A severe thunderstorm last November toppled part of the building's brick facade onto the fieldhouse's roof, ripping a hole in the roof and rupturing water pipes.
The two businesses closed this spring, but a new owner has purchased both shops and is reopening them under one name in the 96-year-old Irvington Masonic Lodge property, which also recently changed ownership.
The Morris-Flanagan-Kincaid House, built in 1861, will move this summer to a roundabout near Ikea, Portillo’s and the Yard at Fishers District.
The developer, along with the Indianapolis Historic Preservation Commission, were at the center of an appeal brought by neighbors of the historic building who oppose the project.
After 11 years in charge of preserving and reinvigorating the landmark of local German culture, Cassie Stockcamp plans to decamp for Africa, South America and Southeast Asia.
A local couple that operates a downtown insurance firm has embarked on a “multimillion-dollar” project to rehabilitate the Vonnegut-designed structure, which recently has played host to heavy-metal concerts and league basketball.
Flaherty & Collins Properties was selected by the city of Valparaiso to develop a $120 million mixed-use project at the former Anco factory site.
Indianapolis-based not-for-profit preservation group Indiana Landmarks released its list Monday, with nine new listings and one landmark repeating from last year’s list.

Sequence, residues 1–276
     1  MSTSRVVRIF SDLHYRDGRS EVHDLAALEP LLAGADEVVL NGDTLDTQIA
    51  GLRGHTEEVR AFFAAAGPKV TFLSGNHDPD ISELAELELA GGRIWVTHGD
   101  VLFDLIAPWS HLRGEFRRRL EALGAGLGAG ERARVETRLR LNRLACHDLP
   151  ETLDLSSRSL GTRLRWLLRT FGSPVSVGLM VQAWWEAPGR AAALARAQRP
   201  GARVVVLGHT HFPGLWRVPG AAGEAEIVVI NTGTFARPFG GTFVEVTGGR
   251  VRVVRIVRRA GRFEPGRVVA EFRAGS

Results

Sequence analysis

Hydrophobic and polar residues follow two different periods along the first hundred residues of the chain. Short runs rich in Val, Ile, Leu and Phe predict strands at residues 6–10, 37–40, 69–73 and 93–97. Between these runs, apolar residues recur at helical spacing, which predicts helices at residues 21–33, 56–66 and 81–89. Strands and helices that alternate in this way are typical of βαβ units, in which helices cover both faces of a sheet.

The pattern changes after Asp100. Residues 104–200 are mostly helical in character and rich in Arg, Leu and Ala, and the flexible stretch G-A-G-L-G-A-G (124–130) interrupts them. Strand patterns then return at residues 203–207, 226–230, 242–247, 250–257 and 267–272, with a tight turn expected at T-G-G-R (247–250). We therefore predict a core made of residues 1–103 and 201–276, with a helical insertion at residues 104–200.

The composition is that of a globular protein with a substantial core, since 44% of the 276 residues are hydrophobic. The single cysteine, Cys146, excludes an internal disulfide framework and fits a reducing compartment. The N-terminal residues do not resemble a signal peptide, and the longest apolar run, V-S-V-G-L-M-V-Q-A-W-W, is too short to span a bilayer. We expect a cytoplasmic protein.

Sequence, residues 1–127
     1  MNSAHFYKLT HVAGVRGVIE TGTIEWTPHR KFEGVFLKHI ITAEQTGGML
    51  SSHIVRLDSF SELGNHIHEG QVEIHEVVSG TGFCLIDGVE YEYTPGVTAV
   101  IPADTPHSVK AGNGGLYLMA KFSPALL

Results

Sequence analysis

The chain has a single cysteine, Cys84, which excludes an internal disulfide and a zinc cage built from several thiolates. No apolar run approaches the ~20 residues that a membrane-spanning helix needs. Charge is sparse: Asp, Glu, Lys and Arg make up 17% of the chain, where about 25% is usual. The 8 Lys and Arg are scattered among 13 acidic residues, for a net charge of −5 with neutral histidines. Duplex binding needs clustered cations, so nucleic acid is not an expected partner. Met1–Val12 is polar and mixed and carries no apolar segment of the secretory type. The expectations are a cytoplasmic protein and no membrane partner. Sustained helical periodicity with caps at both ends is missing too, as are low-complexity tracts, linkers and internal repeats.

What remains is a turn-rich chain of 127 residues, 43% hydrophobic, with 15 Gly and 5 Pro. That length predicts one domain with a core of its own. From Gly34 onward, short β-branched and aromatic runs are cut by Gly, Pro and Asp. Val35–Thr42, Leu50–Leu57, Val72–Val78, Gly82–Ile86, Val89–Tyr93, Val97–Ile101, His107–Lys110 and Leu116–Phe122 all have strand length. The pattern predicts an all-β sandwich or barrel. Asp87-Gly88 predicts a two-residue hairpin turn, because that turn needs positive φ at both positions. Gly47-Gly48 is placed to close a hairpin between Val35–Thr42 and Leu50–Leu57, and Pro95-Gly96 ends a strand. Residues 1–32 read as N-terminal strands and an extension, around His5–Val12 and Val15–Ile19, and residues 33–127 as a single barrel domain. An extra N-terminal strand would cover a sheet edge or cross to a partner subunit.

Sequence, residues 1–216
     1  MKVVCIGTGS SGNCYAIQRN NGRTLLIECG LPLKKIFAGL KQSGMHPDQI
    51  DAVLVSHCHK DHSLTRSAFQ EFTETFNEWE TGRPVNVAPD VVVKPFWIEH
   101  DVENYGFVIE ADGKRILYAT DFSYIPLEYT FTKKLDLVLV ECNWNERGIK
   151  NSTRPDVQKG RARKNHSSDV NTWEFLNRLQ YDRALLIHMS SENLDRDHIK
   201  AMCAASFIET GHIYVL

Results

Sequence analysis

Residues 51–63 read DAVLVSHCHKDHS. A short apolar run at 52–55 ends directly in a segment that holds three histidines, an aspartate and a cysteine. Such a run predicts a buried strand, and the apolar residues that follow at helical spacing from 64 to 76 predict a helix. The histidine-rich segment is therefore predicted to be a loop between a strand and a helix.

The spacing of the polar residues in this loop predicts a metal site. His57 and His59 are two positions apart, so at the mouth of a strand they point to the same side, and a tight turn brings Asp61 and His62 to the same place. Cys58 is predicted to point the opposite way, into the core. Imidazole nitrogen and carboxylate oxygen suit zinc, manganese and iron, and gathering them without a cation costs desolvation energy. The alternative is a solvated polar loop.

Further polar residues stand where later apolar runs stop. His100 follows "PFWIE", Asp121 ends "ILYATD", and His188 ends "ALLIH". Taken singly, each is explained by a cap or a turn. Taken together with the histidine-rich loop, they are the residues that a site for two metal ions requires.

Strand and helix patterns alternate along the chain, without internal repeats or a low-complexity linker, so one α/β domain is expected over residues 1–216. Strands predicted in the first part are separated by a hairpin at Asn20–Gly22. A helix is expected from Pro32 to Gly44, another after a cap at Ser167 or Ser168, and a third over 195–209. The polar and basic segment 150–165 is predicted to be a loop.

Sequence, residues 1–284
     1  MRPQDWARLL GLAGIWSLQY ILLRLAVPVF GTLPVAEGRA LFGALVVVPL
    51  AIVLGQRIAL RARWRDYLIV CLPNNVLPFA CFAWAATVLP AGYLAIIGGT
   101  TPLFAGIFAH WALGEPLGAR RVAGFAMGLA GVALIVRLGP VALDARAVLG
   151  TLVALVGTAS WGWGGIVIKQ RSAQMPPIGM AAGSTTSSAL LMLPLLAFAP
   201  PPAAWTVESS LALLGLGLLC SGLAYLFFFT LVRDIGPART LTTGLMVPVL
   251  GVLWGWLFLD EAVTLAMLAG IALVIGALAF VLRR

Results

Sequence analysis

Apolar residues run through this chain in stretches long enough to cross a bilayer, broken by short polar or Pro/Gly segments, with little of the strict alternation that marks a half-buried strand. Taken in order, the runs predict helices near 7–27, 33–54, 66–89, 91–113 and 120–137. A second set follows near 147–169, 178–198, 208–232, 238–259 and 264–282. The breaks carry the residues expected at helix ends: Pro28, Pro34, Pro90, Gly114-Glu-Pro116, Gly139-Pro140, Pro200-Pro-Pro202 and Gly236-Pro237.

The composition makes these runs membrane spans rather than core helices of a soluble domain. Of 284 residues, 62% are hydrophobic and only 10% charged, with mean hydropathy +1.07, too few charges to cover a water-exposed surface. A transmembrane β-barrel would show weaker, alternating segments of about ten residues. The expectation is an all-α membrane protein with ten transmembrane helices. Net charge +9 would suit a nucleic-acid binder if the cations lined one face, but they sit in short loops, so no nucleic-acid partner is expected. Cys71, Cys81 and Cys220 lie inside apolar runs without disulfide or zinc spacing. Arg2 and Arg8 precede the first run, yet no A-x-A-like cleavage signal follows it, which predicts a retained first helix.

Popular travel website TripAdvisor on Tuesday said it has included the landmark at 650 N. Meridian St. on its list of “America’s 20 Most Beautiful Churches, Cathedrals & Basilicas Worth Visiting.”
Twenty-five years after developer Turner Woodard purchased the old Stutz factory complex at 10th Street and Capitol Avenue, the sprawling facility hosts 200-plus tenants.
The local developer has been awarded nearly $900,000 in incentives for a senior housing project in Cumberland that will be built near the church, which was once slated for demolition.
A three-way partnership substantially brightens the future of the venue, which has offered minimal programming in recent years and badly needs upgrades.
A Marion Superior Court judge has ruled in favor of a neighborhood resident, who fought the Indianapolis Historic Preservation Commission’s decision to give the project the green light.
Leaders of the $10.3 million Riverside High School project on the west side—a sister to Herron High School and set to open in the fall—have cobbled together several funding sources to finance the project.
She has listed the historic church building since 2015, originally for $1.85 million, but has dropped the asking price to $1.59 million as she finishes a second round of renovations.
A 17-year veteran of the Indianapolis Historic Preservation Commission has been appointed administrator of the city body, replacing longtime leader David Baker.
The local developer has modified its plan and wants to build an affordable senior housing project on the far-east-side church property instead of in the church itself.
The 88-year-old, seven-story Wyndham is available for occupancy after owner the Pearl Cos. bought the building and tore the interior down to its studs.
Over three decades, David Baker’s purview has grown to 12 historic districts, five conservation districts and many individual landmark properties.